From Publishers Weekly
Departing from the seriousness of their previous novel, Go Close Against the Enemy, which dealt with the lingering effects of racism in the South, the Iakovous' latest cozy takes a light, romantic turn in the sunny state of Florida. When Nick and Julia Lambros are invited to the wedding of some Greek friends, they decide to leave their Georgia restaurant to relax at the Tarpon Springs luxury resort owned by the father of the groom. On their first night there, however, they witness a fatal car accident that looks like murder. Adding to the ominous atmosphere, Kate and Alex, the bride and groom, have been receiving several Greek curses (a severed rooster's head among them) from an anonymous ill-wisher, prompting Alex's superstitious grandmother to plead for the wedding to be called off. Kate's father suspects an ex-business partner looking for revenge, but there are other possible culprits, and when a murder occurs inside the hotel, Nick and Julia begin to sleuth. Though the story is filled with possibility, it's marred by roughly drawn characters and a predictable ending. What sparkles, however, is the Iakovous' fascinating but unobtrusive detailing of Greek culture. Julia, an American in the midst of a Greek family celebration, feels like an outsider, especially when her Greek husband is pursued by a beautiful young compatriot. It's likely that many readers will be more interested in her feelings, and in the outcome of this romantic aside, than in the solution to the crime. (Dec.)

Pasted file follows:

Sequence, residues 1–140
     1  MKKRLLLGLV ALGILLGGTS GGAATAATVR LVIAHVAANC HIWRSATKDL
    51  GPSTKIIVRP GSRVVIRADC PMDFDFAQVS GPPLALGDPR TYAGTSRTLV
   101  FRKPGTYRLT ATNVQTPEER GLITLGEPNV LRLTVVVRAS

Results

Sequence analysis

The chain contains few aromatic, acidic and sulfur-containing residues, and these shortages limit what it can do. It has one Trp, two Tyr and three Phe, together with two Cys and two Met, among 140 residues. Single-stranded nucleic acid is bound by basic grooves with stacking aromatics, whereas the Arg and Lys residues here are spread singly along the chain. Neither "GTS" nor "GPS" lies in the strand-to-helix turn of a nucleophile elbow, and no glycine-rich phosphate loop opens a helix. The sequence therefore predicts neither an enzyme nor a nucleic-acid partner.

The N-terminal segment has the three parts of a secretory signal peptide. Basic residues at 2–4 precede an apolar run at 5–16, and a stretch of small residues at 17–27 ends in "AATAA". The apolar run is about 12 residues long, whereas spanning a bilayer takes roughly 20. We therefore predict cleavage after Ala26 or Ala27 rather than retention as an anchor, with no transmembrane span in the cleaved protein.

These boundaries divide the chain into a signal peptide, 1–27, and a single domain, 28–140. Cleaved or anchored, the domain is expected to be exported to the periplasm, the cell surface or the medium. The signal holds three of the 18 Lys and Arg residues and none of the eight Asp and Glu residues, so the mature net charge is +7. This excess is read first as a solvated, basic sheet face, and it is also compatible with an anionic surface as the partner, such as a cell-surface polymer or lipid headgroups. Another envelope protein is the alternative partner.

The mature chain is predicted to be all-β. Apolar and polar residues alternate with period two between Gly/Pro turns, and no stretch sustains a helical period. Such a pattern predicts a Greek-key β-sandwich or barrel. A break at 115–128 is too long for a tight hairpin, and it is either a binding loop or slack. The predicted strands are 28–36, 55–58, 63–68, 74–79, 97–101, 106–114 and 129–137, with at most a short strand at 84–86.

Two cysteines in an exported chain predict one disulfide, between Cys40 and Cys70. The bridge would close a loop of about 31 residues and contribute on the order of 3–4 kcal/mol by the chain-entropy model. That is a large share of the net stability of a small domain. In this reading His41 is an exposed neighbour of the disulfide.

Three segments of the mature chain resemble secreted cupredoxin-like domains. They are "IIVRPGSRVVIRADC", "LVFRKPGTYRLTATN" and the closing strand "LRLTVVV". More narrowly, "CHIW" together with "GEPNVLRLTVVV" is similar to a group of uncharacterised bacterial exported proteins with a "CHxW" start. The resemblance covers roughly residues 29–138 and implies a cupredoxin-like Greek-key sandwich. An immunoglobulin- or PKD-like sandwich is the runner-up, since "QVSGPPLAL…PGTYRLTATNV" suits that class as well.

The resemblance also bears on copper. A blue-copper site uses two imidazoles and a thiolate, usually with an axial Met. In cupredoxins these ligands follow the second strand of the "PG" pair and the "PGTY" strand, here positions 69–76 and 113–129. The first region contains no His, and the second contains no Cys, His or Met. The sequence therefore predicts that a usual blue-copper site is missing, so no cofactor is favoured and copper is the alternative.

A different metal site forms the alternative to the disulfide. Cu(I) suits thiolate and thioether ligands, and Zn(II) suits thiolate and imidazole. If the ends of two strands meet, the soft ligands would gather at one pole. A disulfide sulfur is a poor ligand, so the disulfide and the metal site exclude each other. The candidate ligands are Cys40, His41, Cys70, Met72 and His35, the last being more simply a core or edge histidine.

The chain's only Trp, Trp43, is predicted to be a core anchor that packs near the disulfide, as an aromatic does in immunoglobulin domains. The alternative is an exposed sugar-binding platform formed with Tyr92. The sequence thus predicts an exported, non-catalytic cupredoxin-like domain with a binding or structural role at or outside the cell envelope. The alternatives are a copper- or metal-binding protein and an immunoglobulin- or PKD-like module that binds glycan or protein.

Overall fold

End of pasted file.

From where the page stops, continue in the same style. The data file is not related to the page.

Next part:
Copyright 1999 Reed Business Information, Inc.
An invitation to a wedding lures Nick and Julia away from their Greek restaurant in Georgia to Tarpon Springs, Florida. They arrive in town just in time for Nick to rescue a young woman from drowning when her car plunges into the water: the driver was not so lucky. They soon find that the bride's father, Manolis, who runs a Greek cafe, and the groom's father, Christos, who rules the huge Greek hotel where the wedding will take place, are bedeviled with problems large and small. Worse, the icy grandmother of the groom feels the impending marriage is cursed. We are plunged into a complicated circle of Greek and Greek-American characters and customs, centered on the Epiphany celebration and the upcoming wedding, with Julia's wry commentary tracking another murder, a weeping icon, a fair amount of double-dealing, treachery, smuggling, and forgery. GraceAnne A. DeCandido